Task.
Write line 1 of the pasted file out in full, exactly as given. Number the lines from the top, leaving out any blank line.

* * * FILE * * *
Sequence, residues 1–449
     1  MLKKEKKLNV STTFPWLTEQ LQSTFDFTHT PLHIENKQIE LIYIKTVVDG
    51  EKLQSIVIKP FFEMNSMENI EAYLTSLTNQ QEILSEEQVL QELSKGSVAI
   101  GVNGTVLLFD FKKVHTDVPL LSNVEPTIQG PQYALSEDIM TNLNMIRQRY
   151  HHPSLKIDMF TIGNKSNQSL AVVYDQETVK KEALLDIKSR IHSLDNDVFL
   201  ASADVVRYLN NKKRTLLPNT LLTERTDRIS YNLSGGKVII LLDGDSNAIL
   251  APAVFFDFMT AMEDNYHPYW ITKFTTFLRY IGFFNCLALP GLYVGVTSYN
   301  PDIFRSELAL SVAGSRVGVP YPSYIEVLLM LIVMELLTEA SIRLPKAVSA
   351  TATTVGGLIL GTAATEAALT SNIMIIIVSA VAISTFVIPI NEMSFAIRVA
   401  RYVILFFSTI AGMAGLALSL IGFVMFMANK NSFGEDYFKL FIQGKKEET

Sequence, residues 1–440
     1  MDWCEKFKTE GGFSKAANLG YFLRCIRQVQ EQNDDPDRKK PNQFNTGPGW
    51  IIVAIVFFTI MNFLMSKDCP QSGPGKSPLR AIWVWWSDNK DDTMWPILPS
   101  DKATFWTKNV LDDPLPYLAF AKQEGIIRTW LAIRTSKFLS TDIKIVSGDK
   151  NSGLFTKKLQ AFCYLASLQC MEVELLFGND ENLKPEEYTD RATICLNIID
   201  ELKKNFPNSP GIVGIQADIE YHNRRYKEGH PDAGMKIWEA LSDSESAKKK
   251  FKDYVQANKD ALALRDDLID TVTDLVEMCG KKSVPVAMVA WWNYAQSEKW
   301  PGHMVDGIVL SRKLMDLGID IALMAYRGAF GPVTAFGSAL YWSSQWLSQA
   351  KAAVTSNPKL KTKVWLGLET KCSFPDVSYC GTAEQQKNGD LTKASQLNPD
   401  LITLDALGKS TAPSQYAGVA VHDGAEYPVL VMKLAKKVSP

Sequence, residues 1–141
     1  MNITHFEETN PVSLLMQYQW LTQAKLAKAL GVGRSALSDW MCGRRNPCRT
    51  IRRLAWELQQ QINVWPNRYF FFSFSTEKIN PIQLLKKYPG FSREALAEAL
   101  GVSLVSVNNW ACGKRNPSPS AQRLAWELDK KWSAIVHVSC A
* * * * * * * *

Sequence, residues 1–449